Ageism also manifests itself outside institutional-health and media channels, reverberating in social relations and relationships, where there is overt or more veiled discrimination against the elderly or older person which may be motivated by economic, social or commercial reasons. Age discrimination is the result of actions taken to deny or limit opportunities to people on the basis of age, a social construct. It usually involves actions taken as a result of a person's ageist beliefs and attitudes. Age discrimination occurs at both personal and institutional levels, often even in modern Western mainstream journalism and entertainment in the form of propaganda and dis/misinformation, especially towards/against males.[9][10][11][12] Age discrimination is the result of actions taken to deny or limit opportunities to people based on age. These are usually actions taken as a result of one's ageist beliefs and attitudes. Age discrimination occurs on both a personal and institutional level. On a personal level, an older person may be told that he is too old to engage in certain physical activities, like an informal game of basketball between friends and family. Or may be even told (most common in today's "progressive" liberal-globalist Western society) to be too old to date or be just sexually attracted to much younger people and to have a much younger partner.[13][14][15][16][17][18][19][20][21][22][23][24]

Another case is calling a middle-aged or barely middle-aged person "old" or "elderly", or even calling an adult under 45 or even under 40 "middle-aged" or "old".[25]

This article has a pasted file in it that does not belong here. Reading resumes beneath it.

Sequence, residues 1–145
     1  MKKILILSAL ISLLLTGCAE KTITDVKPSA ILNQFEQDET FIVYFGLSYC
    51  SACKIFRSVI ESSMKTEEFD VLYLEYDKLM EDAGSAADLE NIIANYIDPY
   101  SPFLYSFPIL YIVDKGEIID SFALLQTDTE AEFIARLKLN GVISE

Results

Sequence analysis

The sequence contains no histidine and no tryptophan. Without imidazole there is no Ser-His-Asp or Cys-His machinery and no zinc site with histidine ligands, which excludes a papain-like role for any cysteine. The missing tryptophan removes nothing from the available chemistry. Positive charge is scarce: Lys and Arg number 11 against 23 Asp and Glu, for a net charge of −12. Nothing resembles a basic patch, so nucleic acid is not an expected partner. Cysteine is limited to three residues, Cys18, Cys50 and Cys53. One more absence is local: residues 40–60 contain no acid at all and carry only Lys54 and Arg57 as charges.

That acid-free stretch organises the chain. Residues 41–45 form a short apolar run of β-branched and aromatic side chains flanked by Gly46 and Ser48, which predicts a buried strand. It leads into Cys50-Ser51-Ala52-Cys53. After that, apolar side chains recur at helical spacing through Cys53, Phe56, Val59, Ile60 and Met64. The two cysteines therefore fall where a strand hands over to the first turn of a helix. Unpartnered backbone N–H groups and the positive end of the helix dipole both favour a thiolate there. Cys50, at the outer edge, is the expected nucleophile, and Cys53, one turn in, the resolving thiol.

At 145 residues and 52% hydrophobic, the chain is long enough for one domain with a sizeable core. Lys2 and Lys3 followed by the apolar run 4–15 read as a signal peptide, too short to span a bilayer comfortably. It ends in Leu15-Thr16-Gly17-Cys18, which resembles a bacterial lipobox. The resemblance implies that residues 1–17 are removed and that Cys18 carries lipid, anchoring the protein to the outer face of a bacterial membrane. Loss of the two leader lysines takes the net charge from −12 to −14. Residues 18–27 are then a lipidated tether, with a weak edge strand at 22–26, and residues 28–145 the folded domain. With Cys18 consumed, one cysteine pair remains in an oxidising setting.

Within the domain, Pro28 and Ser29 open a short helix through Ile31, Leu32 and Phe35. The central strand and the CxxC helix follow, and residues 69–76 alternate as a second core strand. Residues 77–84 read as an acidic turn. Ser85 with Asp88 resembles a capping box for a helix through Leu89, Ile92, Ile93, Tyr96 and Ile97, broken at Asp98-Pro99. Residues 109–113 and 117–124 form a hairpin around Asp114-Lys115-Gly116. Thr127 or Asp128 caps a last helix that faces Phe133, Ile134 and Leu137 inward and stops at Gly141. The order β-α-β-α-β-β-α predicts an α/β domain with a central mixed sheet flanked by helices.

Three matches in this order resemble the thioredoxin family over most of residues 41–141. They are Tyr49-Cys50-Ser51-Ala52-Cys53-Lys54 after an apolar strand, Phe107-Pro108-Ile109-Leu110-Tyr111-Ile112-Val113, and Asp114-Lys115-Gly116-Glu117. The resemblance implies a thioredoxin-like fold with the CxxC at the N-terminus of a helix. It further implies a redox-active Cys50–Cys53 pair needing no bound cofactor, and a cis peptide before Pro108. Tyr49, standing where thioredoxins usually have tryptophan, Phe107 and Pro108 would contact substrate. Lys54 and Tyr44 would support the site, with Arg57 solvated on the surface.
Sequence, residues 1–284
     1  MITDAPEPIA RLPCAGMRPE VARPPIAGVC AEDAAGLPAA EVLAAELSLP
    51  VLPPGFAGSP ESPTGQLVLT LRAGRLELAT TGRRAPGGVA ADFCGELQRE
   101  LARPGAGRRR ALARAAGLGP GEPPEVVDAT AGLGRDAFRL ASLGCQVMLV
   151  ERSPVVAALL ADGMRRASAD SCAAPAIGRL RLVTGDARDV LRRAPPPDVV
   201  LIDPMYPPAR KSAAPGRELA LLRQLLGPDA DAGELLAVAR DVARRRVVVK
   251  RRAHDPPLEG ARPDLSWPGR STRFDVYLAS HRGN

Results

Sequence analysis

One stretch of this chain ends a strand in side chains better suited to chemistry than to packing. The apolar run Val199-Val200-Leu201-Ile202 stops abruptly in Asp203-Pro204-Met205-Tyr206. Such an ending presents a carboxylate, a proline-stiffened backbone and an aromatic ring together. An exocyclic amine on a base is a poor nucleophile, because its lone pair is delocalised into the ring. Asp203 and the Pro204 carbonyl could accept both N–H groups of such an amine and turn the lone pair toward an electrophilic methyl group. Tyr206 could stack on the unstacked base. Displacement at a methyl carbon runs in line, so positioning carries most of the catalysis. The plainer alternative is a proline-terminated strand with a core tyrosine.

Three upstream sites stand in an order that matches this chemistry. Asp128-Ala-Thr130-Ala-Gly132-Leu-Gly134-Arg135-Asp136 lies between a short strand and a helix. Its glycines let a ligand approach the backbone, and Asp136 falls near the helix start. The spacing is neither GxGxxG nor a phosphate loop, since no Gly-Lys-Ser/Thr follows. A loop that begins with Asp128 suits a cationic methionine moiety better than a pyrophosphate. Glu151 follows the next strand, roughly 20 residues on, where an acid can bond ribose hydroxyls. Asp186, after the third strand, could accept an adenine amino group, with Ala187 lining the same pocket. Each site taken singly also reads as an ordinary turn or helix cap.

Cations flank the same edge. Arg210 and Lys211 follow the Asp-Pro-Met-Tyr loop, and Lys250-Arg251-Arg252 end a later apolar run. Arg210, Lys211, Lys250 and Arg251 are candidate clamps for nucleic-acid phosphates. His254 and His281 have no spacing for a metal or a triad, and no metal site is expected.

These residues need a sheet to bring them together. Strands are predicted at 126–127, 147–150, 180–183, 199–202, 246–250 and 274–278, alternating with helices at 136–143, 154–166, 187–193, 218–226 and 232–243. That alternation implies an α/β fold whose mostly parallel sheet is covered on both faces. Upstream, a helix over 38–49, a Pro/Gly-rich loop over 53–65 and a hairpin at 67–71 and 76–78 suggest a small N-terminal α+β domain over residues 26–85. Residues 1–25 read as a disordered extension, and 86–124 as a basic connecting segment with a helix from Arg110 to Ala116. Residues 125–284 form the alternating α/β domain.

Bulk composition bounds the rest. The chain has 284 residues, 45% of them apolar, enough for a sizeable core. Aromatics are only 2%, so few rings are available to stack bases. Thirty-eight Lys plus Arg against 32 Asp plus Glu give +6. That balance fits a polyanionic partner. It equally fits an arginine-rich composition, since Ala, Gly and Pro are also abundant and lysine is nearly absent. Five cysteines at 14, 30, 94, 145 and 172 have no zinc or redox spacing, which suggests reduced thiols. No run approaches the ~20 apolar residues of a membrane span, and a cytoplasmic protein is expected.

The term "Dirty Old Man" has assumed, specifically in the "progressive" liberal-globalist West, ageist and misandrist connotations, and it is used with bias and double standards and for hateful and toxic propaganda purposes, even against men who aren't to be considered "old".[26][27][28]

There's also a relatively recent theory supposedly originated in the West called "Half your age plus seven rule" recognized as bigoted and ageist and without actual valid basis (although it is unsurprisingly supported by the hypocritical "woke" Left that is at the same time supporter of actual pedophilia and grooming of little children in real life),[29][30][31][32][33] a "rule of thumb" to determine whether an age difference is "socially acceptable" that holds that a person should never date someone whose age is less than half their own plus seven years. According to this "rule", a 28-year-old would date no one younger than 21 (half of 28, plus 7) and a 50-year-old would date no one younger than 32 (half of 50, plus 7).